The bus stop at McCombs Drive and Alder Avenue in Harrison Hot Springs is being moved to allow for the installation of a new bus shelter.
During Tuesday night’s meeting, Harrison council voted to move the bus stop 80 metres from its current location so it would be illuminated by an existing streetlight. If council had not agreed to move the stop, the village would have had to spend $4,000 to run electricity from a nearby power pole to illuminate the shelter.
As it is, the village will be paying $14,000 from its federal gas tax funds to install an aluminum-sided bus shelter at the stop, covering shipping, installation and 20 per cent of the shelter itself. The reminaing 80 per cent of the shelter cost is being paid by a joint grant from the provincial and federal governments.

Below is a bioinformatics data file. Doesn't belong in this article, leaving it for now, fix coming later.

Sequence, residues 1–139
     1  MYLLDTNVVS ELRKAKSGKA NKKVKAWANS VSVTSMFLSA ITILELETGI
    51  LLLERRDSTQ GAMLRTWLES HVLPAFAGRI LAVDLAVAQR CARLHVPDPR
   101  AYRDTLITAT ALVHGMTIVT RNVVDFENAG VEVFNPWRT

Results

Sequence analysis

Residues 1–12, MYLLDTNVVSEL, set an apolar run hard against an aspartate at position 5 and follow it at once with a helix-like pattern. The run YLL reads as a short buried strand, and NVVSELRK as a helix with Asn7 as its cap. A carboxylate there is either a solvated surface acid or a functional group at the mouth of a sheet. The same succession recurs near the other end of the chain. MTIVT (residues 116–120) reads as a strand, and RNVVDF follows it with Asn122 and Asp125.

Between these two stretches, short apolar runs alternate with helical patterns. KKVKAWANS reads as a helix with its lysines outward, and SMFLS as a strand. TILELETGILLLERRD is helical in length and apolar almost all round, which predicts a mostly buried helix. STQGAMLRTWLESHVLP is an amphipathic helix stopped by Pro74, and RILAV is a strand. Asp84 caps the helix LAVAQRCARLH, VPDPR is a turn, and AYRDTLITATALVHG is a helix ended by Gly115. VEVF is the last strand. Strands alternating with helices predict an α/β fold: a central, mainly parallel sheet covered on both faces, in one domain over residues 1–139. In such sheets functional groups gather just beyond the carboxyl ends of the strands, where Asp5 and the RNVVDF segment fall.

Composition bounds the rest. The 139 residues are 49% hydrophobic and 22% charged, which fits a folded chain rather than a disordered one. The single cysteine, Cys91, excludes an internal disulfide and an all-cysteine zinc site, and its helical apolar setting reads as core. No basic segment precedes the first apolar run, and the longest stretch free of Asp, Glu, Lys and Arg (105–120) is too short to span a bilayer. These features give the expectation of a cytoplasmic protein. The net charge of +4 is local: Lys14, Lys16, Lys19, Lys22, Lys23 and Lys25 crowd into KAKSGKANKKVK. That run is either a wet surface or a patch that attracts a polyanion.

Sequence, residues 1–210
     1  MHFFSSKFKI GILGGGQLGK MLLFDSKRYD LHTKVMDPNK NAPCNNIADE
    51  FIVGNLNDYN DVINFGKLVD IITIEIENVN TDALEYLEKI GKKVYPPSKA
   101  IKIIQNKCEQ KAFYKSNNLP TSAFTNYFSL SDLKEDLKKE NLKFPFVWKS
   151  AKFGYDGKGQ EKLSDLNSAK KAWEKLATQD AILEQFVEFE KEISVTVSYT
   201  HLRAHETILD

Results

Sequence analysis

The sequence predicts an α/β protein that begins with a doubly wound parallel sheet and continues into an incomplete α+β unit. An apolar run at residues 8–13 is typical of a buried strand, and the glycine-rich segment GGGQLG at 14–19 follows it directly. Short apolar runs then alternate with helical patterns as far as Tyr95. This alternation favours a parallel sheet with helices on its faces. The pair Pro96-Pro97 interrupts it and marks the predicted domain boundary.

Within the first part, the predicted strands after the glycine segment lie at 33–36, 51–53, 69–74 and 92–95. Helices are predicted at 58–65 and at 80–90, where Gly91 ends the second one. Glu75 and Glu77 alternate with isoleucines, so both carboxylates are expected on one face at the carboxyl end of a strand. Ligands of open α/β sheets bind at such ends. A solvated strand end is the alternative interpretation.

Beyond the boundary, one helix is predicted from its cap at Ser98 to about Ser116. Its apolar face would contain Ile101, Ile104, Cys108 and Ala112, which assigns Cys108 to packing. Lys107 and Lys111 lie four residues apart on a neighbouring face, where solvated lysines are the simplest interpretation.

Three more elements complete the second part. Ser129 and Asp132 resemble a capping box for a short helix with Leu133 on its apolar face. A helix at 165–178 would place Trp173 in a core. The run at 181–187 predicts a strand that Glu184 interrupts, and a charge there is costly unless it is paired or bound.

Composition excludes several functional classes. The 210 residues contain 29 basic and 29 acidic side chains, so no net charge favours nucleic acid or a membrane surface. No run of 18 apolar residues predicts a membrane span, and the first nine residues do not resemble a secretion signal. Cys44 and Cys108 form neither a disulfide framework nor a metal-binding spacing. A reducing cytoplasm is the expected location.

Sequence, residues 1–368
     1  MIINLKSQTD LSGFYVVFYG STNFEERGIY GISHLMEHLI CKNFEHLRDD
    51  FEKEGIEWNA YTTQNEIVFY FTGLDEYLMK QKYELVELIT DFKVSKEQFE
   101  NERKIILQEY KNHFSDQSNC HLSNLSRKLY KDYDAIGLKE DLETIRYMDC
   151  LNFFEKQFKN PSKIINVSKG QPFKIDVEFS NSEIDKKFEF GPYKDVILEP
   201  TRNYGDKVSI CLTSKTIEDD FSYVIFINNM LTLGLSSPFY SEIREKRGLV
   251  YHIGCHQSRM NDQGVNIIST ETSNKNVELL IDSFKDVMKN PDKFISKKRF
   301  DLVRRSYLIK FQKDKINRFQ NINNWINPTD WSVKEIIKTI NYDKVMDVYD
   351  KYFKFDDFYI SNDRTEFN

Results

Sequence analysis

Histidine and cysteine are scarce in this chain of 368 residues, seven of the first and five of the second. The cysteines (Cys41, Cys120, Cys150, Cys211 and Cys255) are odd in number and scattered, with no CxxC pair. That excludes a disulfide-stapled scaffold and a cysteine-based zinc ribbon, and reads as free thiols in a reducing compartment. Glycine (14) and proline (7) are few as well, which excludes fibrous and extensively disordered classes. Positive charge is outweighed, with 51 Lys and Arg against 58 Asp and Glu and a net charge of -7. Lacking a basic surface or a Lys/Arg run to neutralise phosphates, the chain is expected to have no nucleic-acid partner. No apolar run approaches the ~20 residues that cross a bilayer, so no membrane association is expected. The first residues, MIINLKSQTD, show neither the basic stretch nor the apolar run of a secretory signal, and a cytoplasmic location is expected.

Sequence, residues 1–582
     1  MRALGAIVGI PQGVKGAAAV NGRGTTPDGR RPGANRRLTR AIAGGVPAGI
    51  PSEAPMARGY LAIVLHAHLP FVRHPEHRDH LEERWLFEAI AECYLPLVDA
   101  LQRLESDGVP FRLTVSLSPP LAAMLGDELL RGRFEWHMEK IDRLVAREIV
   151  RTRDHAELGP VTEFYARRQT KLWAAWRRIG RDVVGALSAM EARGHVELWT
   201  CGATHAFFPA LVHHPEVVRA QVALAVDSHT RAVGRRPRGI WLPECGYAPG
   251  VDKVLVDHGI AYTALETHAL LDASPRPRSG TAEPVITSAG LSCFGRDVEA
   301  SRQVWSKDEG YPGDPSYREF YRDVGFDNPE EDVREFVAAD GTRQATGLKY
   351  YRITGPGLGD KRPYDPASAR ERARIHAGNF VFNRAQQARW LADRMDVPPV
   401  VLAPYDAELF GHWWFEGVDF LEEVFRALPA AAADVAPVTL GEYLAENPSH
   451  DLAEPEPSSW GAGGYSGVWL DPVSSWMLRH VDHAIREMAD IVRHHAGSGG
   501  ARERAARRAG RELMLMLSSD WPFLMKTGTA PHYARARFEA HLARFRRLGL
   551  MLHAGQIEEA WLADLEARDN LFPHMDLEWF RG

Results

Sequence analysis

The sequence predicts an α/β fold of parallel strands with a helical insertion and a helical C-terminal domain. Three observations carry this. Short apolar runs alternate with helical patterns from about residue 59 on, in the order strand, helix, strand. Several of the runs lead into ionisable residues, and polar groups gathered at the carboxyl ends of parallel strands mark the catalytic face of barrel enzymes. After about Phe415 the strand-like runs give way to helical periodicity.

Council did discuss whether the aluminum shelter, BC Transit’s E2 shelter, was appropriate for the area. The E2 shelter is the same kind of shelter that is already used at two other stops in Harrison.
Coun. Gerry Palmer shared concerns that the three aluminum sides might not provide enough visibility for riders to feel safe while waiting for the bus. Staff said the sides of the shelter are perforated and people inside the shelter can be seen through them.
Coun. Samantha Piper also noted that shelters with glass walls, the E3 shelter, can be like a “sweat box” in the summer. She said that an E2 shelter would be “far more adequate than having people standing outside of glass walls.”
Coun. Ray Hooper was opposed to every point of the bus shelter motion, as he didn’t want the stop moved, had concerns about the lighting and didn’t like the E2 design.
“If you want people to use public transport … you should be providing the E3 shelter,” he said.
Council passed the motions with Hooper as the sole voice opposed.